tion by the use of known antifriction devices not
shown in the drawing, whereby even a small
pitch worm will become reversible, and a large
gear ratio of the worm gear obtained. The length
tion from the pilot to the lifting member and a
of arm 2| is so proportioned that it requires
comparatively small efficiency for transmitting
about two complete turns of wheel l9 to'tilt wing
motion in the opposite direction.
ll from one extreme position to the other.
The airplane ‘is steered laterally by turning
'
It is further an object of this invention to pro
vide for such transmission line with a. handwheel
turning through a range larger than one and one
half complete turns and requiring a correspond
ingly small'maximum control force.
It is a further object of this invention to pro- ‘
vide such transmission line comprising a reversi
55 ble worm gear.
wheel l8. This tilts wing ll relative to fuselage
l3, whereby the line of the aerodynamic force is
displaced to the left or right of the center of
gravity of the aircraft, and hence a_control mo
ment created.
We
claim:
*
-
-
>
-
1. In aheavier-than-air craft for steering the
2
2,123,392
same, the combination with a displaceable principal lifting member, of a hand wheel, and of
substantially larger for transmitting motion from
reversible transmission means operatively con
transmitting motion in the opposite direction,
necting the hand wheel and the lifting member,
the mechanical e?iciency of said transmission
means being substantially larger for transmitting
motion from the hand wheel to the lifting mem
ber than for transmitting motion in the opposite
direction.
10
2. In a heavier-than-air craft for steering the
same, the combination with a tiltable principal
lifting member, of a hand wheel, and of reversible
‘
transmission means operatively connecting the
hand wheel and the lifting member, the mechani
15 cal e?lciency of said transmission means being
substantially larger for transmitting motion from
the hand wheel to the lifting member than for
transmitting motion in the oppositedirection.
3. In a heavier-than-air craft for steering the
20
same, the combination with a displaceable prin
cipal lifting member, of a hand wheel, and of
reversible transmission means operatively con
necting the hand wheel and the lifting member,
the mechanical ef?ciency of said transmission
25. means being substantially larger for transmitting
motion from the hand wheel to the lifting mem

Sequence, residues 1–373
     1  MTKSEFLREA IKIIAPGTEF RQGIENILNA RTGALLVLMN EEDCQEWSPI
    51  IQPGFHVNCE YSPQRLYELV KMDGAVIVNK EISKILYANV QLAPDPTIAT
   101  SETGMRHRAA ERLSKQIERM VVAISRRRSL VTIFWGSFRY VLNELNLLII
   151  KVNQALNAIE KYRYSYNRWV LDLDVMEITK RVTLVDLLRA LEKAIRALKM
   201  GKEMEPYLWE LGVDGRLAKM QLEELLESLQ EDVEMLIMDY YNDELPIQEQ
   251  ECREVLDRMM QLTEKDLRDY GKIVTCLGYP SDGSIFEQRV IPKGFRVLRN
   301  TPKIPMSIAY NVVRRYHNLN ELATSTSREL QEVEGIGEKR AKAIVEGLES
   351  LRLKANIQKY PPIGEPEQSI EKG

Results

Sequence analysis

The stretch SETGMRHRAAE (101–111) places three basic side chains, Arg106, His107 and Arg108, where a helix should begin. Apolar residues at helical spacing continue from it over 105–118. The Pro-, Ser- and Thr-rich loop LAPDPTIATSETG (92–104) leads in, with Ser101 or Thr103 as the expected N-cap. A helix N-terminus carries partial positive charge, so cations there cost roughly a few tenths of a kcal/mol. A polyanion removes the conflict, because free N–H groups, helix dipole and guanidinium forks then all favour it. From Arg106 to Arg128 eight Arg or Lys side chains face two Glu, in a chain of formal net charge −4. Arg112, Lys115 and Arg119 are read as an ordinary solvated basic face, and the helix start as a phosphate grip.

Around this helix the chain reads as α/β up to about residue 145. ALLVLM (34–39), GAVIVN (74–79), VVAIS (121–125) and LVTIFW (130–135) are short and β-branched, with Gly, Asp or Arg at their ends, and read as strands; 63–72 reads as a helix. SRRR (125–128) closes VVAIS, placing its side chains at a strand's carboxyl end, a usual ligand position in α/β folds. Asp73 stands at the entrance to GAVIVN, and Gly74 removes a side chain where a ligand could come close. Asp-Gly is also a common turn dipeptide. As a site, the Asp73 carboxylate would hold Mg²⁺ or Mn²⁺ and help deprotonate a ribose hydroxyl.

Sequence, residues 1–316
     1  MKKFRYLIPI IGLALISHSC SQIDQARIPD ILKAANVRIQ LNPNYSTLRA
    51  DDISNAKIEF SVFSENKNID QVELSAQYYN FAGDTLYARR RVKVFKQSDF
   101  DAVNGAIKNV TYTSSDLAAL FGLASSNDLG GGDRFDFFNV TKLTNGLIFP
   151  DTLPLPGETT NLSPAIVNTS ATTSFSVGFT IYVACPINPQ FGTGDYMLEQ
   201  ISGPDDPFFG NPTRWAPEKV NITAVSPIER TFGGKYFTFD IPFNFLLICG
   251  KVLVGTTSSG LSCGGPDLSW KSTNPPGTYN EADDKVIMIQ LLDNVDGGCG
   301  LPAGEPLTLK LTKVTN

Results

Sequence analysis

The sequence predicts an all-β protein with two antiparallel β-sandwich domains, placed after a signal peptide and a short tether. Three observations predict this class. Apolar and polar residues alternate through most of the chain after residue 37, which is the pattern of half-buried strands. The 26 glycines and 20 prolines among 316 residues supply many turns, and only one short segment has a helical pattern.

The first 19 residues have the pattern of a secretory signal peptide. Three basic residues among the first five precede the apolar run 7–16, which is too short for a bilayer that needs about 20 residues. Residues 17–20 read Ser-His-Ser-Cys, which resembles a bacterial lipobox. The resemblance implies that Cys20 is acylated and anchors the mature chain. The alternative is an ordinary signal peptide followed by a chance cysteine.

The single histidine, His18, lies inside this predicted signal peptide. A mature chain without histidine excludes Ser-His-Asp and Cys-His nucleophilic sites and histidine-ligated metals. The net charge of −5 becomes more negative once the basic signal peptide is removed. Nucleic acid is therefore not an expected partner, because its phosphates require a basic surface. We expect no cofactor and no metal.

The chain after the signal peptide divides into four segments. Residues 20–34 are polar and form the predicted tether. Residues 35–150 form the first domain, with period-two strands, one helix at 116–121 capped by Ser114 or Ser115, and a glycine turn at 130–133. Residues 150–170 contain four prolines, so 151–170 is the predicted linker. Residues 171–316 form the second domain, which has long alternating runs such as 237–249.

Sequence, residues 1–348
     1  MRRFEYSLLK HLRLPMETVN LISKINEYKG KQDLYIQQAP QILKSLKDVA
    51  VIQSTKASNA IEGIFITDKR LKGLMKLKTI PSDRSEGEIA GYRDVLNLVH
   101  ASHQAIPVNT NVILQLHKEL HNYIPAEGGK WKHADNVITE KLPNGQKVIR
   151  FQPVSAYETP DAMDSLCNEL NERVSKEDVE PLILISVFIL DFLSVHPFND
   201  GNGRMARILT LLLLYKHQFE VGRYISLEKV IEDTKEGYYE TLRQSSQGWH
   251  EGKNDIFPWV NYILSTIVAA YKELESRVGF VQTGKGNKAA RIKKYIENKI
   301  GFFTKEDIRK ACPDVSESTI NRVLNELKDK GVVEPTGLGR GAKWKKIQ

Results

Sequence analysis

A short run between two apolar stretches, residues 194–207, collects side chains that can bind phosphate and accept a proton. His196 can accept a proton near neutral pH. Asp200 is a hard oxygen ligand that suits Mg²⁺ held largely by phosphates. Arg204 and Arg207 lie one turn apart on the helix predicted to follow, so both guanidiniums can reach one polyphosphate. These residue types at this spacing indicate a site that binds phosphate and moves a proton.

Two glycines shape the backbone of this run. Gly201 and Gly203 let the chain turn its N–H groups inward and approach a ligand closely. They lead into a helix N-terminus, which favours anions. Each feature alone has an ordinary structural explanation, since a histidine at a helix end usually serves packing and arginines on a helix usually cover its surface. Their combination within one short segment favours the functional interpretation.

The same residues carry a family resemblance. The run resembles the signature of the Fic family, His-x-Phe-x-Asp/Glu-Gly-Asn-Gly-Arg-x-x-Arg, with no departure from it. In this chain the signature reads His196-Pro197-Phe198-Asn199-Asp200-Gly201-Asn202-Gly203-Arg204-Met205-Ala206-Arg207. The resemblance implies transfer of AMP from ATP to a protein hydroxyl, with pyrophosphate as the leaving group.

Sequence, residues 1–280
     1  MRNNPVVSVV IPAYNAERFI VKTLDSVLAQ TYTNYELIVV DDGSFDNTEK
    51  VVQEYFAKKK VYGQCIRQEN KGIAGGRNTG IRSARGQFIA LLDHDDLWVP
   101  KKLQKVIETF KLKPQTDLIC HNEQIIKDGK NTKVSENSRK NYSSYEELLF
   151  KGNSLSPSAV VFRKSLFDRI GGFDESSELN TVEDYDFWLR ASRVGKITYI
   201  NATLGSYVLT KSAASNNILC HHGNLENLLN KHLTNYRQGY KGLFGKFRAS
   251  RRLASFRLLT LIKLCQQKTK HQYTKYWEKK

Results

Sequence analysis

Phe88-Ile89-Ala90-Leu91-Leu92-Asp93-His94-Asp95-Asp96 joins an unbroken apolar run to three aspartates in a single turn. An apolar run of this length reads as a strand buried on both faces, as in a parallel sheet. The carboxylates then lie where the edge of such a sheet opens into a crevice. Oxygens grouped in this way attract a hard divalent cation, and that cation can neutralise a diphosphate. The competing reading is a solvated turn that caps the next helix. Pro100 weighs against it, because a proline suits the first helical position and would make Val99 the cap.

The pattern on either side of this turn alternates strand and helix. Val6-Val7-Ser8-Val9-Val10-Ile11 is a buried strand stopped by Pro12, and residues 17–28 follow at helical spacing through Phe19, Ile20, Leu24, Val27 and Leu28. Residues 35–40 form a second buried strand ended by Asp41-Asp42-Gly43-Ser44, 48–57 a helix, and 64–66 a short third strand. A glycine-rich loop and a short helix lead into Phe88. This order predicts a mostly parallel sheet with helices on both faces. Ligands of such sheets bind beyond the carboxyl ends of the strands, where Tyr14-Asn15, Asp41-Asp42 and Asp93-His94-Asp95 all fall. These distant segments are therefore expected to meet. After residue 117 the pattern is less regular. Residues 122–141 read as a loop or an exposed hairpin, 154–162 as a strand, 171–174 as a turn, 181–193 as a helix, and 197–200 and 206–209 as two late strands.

ber than for transmitting motion in the opposite
direction,_ and the range of motion’of the hand
wheel exceeding one and one-half complete turns.
30
4. In a heavier-than-aii‘ craft for steering the
same, the combination with a tiltable principal
lifting member,‘ of a hand wheel, and of reversible
transmission means operatively connecting the
hand wheel and the lifting member, the mechani
36 cal e?‘iciency of said transmission means being
the hand wheel to the lifting member than for
and the range of motion of the hand wheel ex
ceeding one and one-half complete turns.
5. In a heavier-than-air craft for steering the
same, the combination with a displaceable prin
cipal lifting member, oi.’ a hand wheel, and of a
reversible worm gear consisting of a worm driven
from the hand wheel and a worm gear wheel op 1%
eratively connected to the lifting member.
6. In a heavier-than-air craft for steering the
same, the combination with a tiltable principal
lifting member, of a hand wheel, and of a reversi
ble worm gear consisting of a worm driven from
the hand wheel and a worm gear wheel opera
tively connected to the lifting member.
7. In a heavier-than-air craft for steering the
same, the combination with a displaceable prin
cipal lifting member, of a hand wheel, and of a
reversible worm gear consisting of a worm driven
from the hand wheel and a worm gear wheel op
eratively connected to the lifting member, the
hand wheel having a range of motion exceeding
one and one-half complete turns.
'
“
'8. In a heavier-than-air craft for steering the
same, the combination with a tiltable principal
lifting member, of a hand wheel, and 01' a reversi
ble worm gear consisting of a worm driven from
the hand wheel and a worm gear wheel opera 30
tively connected to the lifting member, the hand
wheel having a range of motion exceeding one
and one-half. complete turns.
E. BURKE WILFORD.
ELLIOT DALAND.‘